On the fourth day, the routine was interrupted. Briggs and I were having lunch as usual when one of the prisoners ran into the mess hall, bloodied and bruised, and started shouting incomprehensibly. Through his jabbering, I made out a warning that we were all going to hell and the usual prisoner stuff about how he hadn’t done anything. He was protesting his innocence to a crew of power plant workers whose only interest was to finish lunch, get back to work, and, ultimately, provide food for our families; in effect, he was yelling at a brick wall, and most of us ignored him until he grabbed a fork from the table and plunged it into the neck of the nearest plant officer. Suddenly the walls seemed to be coated in blood spatter, tiny exclamation marks running down the grey and forming pools by his bare, dirty feet. We all took notice then, and within seconds other plant workers had pinned him down and were punching his face and groin. The man with a fork in his neck ran to the medical wing, screaming, a trail of splattered, liquid breadcrumbs marking his path.

And then it was over. Cleaning machines wheeled in and washed the surfaces; the prisoner was whisked off so quickly I didn’t even notice he was gone. People returned to their food and, although a handful of staff were missing, it was like nothing had happened.

Briggs smiled again. “Nothing like a bit of drama,” he said between mouthfuls, “to make you appreciate an uneventful day.”

* * *

As I drove into work the next morning, I resolved to find out how the prisoners were being treated, where they were watching, and how secure they really were. As the smokestacks loomed into view, the vapour mingling with the clouds in the bright spring sky, I thought about a prisoner stabbing something into me and shuddered.

In the morning, as usual, I read one of the green manuals and pondered whether anyone would notice if I smuggled in an electric kettle and a handful of teabags. I made notes, tried to learn how to use some of the proprietary equipment on my walls, whistled idly to myself and ordered some folders for my desk. I went through the motions of working normally.

When I was finally disturbed by the noise of the prisoners, I waited until they had disappeared further down the corridor and, quickly, so as not to lose them completely, left my office and ran down the flight of stairs that led to the space below my window. The noise was faint, but just loud enough to follow, and I walked towards it, slowly and calmly, as if I was carrying out an official task. I didn’t want to arouse suspicion; if Briggs knew I was snooping around, he would probably run me out on a rail. At the very least, it would jeopardise my security clearance. I had to look bored; pretend nothing was out of the ordinary.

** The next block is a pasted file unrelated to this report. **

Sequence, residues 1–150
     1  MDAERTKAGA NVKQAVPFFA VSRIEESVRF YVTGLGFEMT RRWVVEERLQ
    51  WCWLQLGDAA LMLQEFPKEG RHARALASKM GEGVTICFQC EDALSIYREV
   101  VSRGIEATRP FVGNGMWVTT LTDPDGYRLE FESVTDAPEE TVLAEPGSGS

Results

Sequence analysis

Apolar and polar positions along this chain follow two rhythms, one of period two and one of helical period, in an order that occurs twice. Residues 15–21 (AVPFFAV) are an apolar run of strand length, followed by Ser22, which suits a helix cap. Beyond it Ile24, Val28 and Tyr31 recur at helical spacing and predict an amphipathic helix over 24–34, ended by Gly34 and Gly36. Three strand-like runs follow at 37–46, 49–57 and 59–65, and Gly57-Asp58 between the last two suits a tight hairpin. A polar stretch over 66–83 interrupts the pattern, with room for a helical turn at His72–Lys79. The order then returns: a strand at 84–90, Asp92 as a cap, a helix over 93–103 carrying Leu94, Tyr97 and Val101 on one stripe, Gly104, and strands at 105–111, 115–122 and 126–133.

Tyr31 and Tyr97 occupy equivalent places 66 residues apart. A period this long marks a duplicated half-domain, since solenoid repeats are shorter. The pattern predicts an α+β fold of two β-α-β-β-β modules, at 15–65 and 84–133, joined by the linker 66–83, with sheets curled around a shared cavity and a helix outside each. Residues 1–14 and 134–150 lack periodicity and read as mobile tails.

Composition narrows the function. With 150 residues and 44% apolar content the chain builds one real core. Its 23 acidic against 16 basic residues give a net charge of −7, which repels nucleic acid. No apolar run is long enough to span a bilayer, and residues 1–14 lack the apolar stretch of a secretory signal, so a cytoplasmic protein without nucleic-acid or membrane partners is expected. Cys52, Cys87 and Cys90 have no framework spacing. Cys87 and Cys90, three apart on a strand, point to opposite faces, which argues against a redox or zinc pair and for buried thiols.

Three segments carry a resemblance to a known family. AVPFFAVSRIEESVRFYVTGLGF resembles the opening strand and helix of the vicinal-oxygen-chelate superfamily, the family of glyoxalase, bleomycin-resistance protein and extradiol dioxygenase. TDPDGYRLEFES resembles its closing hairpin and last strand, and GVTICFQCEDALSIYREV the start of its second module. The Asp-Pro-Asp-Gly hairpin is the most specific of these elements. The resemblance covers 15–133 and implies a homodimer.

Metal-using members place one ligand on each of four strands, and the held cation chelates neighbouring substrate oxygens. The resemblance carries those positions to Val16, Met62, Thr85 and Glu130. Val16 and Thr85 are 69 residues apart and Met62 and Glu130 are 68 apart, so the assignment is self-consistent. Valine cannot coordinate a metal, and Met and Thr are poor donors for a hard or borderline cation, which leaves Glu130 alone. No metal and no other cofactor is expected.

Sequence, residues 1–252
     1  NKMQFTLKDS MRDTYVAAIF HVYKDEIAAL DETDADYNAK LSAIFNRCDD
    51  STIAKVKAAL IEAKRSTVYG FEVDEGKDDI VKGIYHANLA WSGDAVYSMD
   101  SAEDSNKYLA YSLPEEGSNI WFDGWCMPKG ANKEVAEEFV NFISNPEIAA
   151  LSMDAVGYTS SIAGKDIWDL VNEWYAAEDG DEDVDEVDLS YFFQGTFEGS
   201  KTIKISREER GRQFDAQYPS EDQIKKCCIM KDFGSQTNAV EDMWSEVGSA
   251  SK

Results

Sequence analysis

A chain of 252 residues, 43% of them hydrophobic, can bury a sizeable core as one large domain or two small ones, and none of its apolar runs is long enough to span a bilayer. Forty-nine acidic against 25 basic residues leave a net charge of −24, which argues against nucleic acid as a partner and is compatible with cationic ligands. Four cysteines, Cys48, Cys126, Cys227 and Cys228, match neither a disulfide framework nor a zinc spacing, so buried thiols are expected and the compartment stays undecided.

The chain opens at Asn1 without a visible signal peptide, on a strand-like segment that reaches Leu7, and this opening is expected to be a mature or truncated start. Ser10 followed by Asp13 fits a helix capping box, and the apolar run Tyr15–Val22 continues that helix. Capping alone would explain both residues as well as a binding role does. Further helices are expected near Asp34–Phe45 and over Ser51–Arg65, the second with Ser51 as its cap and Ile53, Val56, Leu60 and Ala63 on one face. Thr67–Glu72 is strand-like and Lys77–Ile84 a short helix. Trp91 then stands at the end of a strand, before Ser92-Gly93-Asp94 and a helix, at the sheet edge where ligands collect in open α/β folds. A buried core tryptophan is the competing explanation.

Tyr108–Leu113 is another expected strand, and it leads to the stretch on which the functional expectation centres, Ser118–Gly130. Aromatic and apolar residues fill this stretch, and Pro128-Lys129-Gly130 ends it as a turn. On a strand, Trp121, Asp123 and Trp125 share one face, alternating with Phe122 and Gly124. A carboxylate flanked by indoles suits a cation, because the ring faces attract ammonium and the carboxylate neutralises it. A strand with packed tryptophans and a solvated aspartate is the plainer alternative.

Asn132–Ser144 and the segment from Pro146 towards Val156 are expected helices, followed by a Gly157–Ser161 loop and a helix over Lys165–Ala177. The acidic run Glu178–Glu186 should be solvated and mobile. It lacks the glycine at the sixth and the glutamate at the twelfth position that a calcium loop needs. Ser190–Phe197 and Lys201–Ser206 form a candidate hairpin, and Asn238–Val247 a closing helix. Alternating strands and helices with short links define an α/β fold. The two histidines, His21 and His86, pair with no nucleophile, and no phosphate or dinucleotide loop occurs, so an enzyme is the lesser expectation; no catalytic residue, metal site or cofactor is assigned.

We passed through what felt like miles of unchanging corridor; there was then a ramp, which led several storeys underground, and then more lifeless, uniform space. It was almost hypnotic – after a while there were no more rectangular windows looking out from the level above, and no more black security camera domes on the ceiling. Just miles of bright white ceiling, walls and floor – and in the distance, the fading sound of prisoners marching.

It took at least half an hour before the corridor curled round on itself, and I heard it then; it was like a mechanical heartbeat, the rhythmic sound of metal slamming against metal. As I walked further round the bend and began to see specks of blood against the white of the walls and the outlines of red footprints on the floor, the noise was joined by sobbing, and that of my own heartbeat.

These sounds together – the heartbeats of man and machine, the grief of men imprisoned against their will and what sounded like rain but couldn’t be – grew louder and louder as I continued to walk, until they were deafening and I couldn’t deny what I was hearing, couldn’t believe it, couldn’t think what else could it possibly be, almost couldn’t stand any more out of terror and the overpowering stench –

And then I saw the giant presses, crushing people like grapes until they formed a dark red paste, pouring blood everywhere, onto the floor, spraying onto the walls and ceiling. There were two guards standing there, watching people pulverised by machines into electricity – they turned from the murder they were overseeing, recognised my face, and smiled.

* * *

I ran that day, screaming and crying and desperate to forget what I had seen, and I’ve been running since. Yes, maybe you’ll choose not to believe me, but all I ask is that you listen and look out for the signs. You’ll see them, I promise – and then you must consider your cars, your computers, your television and your radio, and decide whether they are worth killing – worth dying – for. Every night for the rest of my life, I’ll be waking up afraid, remembering what I saw that day, under the clear blue sky and the concrete funnels as the clouds poured upwards.